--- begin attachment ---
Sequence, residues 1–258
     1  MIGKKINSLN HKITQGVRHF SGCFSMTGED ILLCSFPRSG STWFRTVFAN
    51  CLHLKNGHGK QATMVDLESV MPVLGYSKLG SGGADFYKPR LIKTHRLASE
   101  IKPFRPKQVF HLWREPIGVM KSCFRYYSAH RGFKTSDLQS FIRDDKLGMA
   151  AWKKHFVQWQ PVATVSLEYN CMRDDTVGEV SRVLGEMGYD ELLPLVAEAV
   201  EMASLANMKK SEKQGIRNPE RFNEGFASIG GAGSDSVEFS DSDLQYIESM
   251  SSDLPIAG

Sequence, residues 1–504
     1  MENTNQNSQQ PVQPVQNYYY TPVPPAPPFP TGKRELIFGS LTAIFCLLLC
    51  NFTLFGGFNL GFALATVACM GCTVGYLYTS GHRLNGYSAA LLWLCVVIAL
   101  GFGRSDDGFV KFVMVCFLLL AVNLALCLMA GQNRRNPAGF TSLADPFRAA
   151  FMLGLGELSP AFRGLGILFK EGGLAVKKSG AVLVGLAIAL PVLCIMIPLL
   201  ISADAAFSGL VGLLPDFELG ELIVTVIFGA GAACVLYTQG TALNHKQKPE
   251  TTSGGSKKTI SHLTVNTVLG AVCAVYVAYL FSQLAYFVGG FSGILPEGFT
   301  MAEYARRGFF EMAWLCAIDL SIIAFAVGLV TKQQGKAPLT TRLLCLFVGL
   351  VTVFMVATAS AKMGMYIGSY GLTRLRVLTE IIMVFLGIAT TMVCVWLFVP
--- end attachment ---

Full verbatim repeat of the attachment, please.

Sequence, residues 1–258
     1  MIGKKINSLN HKITQGVRHF SGCFSMTGED ILLCSFPRSG STWFRTVFAN
    51  CLHLKNGHGK QATMVDLESV MPVLGYSKLG SGGADFYKPR LIKTHRLASE
   101  IKPFRPKQVF HLWREPIGVM KSCFRYYSAH RGFKTSDLQS FIRDDKLGMA
   151  AWKKHFVQWQ PVATVSLEYN CMRDDTVGEV SRVLGEMGYD ELLPLVAEAV
   201  EMASLANMKK SEKQGIRNPE RFNEGFASIG GAGSDSVEFS DSDLQYIESM
   251  SSDLPIAG

Sequence, residues 1–504
     1  MENTNQNSQQ PVQPVQNYYY TPVPPAPPFP TGKRELIFGS LTAIFCLLLC
    51  NFTLFGGFNL GFALATVACM GCTVGYLYTS GHRLNGYSAA LLWLCVVIAL
   101  GFGRSDDGFV KFVMVCFLLL AVNLALCLMA GQNRRNPAGF TSLADPFRAA
   151  FMLGLGELSP AFRGLGILFK EGGLAVKKSG AVLVGLAIAL PVLCIMIPLL
   201  ISADAAFSGL VGLLPDFELG ELIVTVIFGA GAACVLYTQG TALNHKQKPE
   251  TTSGGSKKTI SHLTVNTVLG AVCAVYVAYL FSQLAYFVGG FSGILPEGFT
   301  MAEYARRGFF EMAWLCAIDL SIIAFAVGLV TKQQGKAPLT TRLLCLFVGL
   351  VTVFMVATAS AKMGMYIGSY GLTRLRVLTE IIMVFLGIAT TMVCVWLFVP